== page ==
The Connected Experience: A Manufacturer’s Dream?

By Shannon Davis, Web Editor, Solid State Technology

Imagine being able to not only track and address equipment degradation in real time, but also analyze patterns in your factories’ equipment and address potential issues before they even present a problem.

It may sound too good to be true, but Microsoft’s Sanjay Ravi explained in Wednesday morning’s keynote that this innovation is becoming available now to manufacturers.

In his keynote “The Art of Possible: How Manufacturers are Leveraging Digital Technologies to Drive Business in a Connected World,” Mr. Ravi gave his audience a glimpse of the brave, new world that leveraging mobility, social, cloud and big data offers them, specifically siting product offerings and developments from Microsoft.

“The key priority is taking advantage of the connected business networks and enabling connected customer experience,” Mr. Ravi shared. Building a data culture across one’s organization can drive the right business processes and models, he explained.

He used examples from Samsung and AMD, who both utilized Cloud-based data analytics programs to reduce costs, manage energy and increase data warehouse performances by jaw-dropping percentages. AMD, for example, used Microsoft BI solutions to improve operational agility and was reportedly able to reduce resource support work needed by 90 percent. Samsung, he reported, analyzed 10 times more data to make more efficient decisions about energy management, using trend statistics and histograms – decreasing their costs by 75 percent.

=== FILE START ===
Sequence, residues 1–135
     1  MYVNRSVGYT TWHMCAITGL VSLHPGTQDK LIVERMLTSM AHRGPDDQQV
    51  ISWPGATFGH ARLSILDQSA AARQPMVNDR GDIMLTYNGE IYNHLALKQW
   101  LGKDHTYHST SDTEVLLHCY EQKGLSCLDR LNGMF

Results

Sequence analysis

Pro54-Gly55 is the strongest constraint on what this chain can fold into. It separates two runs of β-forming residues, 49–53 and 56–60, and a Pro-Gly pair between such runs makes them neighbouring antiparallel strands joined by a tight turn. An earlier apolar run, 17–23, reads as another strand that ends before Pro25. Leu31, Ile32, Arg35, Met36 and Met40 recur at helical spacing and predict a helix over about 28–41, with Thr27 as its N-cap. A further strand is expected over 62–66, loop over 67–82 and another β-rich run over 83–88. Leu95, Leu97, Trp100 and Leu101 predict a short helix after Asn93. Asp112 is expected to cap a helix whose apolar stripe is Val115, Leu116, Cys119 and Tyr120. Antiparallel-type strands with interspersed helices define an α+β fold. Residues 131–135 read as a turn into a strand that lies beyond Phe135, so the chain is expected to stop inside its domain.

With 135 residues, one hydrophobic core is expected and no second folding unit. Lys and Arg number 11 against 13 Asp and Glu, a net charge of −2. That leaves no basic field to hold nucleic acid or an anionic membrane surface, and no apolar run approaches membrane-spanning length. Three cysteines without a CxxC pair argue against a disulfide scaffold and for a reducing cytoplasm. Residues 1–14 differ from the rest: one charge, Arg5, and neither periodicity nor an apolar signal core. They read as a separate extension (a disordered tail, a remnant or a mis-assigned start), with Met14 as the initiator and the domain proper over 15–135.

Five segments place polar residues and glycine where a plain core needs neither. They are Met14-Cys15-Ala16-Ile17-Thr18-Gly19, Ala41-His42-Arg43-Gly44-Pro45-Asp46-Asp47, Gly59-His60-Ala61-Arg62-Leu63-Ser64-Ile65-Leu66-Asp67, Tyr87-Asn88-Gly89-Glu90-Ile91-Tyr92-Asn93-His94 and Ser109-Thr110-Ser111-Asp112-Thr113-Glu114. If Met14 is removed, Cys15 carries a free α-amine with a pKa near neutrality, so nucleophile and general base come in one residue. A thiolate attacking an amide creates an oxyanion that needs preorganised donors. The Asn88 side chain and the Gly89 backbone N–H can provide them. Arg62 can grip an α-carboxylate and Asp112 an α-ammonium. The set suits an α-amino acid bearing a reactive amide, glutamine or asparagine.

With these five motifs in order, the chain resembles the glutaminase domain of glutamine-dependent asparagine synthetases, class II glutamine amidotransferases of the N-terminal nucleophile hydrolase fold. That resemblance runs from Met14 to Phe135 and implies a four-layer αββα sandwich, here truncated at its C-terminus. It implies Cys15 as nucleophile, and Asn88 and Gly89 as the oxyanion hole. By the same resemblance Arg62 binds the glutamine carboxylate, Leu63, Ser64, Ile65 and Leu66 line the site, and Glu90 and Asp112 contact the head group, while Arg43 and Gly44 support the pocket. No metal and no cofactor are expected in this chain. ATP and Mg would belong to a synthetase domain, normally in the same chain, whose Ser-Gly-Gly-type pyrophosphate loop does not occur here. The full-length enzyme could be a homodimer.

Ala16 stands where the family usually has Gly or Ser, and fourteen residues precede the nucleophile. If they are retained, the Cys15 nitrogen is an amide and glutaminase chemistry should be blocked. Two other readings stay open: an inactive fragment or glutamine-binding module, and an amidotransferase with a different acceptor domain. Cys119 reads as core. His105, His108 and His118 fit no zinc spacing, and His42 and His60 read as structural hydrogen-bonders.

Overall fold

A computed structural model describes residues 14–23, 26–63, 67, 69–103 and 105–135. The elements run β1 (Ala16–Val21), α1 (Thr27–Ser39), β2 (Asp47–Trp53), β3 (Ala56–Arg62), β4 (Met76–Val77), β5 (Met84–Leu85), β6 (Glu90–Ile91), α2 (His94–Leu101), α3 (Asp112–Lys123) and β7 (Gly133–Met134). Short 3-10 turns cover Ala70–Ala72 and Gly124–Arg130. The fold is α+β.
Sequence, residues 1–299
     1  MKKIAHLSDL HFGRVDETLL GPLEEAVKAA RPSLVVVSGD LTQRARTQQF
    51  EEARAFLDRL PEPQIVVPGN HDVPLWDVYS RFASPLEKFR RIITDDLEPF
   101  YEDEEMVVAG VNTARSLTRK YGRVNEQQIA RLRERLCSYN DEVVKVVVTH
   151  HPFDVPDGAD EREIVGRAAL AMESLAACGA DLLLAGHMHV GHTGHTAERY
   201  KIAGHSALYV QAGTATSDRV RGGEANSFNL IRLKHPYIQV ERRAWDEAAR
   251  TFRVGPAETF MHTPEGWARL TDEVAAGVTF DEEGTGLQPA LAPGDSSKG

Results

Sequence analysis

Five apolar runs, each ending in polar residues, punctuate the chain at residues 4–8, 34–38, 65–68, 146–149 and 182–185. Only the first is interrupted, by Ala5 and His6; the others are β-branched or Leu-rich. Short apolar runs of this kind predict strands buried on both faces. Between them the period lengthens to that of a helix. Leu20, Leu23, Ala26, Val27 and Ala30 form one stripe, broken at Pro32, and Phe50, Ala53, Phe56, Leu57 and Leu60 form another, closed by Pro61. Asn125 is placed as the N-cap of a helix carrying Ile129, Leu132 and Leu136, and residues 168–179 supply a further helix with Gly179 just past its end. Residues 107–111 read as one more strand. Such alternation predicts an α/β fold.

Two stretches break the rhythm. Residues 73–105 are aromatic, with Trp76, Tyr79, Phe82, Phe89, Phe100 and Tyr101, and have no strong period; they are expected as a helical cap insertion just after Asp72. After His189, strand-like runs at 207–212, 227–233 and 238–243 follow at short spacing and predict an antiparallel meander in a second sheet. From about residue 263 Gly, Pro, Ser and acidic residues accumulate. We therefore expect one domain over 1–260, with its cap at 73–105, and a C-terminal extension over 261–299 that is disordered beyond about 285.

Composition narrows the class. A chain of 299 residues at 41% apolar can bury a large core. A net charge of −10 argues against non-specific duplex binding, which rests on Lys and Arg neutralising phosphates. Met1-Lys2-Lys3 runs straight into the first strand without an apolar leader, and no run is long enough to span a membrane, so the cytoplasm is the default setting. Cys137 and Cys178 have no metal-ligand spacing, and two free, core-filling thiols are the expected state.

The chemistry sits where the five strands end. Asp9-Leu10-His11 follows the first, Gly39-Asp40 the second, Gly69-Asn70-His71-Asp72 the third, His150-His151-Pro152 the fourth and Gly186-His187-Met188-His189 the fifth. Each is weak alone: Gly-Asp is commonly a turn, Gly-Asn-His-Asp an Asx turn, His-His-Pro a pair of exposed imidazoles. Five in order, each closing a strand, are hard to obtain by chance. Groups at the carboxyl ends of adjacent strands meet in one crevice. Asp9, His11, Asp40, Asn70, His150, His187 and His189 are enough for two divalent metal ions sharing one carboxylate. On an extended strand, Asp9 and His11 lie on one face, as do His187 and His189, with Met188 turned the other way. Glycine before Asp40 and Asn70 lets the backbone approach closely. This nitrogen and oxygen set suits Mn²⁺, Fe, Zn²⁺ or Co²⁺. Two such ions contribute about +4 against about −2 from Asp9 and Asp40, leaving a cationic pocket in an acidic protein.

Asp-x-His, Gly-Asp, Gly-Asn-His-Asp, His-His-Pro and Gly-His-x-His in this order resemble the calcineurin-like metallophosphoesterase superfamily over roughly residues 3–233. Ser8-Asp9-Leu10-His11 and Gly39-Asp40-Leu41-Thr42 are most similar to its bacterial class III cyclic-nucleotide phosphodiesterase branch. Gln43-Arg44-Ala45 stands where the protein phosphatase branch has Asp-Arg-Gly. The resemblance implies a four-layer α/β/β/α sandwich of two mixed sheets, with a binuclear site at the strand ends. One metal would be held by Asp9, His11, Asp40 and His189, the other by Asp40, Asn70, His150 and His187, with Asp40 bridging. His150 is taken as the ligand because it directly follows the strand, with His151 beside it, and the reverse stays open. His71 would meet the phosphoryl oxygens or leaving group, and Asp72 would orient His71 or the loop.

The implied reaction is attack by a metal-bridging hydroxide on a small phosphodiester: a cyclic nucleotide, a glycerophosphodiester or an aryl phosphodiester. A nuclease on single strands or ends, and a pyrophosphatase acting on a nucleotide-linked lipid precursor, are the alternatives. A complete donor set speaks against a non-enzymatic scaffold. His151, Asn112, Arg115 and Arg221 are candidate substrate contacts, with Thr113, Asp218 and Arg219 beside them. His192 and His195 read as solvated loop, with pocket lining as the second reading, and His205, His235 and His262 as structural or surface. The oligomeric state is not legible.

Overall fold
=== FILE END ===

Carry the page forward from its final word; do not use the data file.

“Given the explosion of the Internet of Things, all of our equipment can be connected,” said Mr. Ravi. “This means gathering big data from embedded devices and transforming big data into business information and insight.”

The implications are mind-boggling: manufacturers could anticipate production disruptions remotely and take corrective action anytime, anywhere.

And if that wasn’t enough to capture his audience’s imagination, Mr. Ravi also shared the Smart Elevator project Microsoft has in development. When used in an office setting, the Smart Elevators have the ability to learn office workers behaviors and analyze their Cloud-based work schedules to know 1) if they need to get on the elevator as they approach it and 2) where they will need to go once they get on the elevator. The result is a completely button-less elevator, an elevator that anticipates your schedule and is there right when you need it.

Whether it’s leveraging big data or Smart Elevators, the connected workplace isn’t science fiction: it’s possible and its potential is undeniable.

Sanjay Ravi during Wednesday morning's keynote at SEMICON West 2014

Sanjay Ravi during Wednesday morning’s keynote at SEMICON West 2014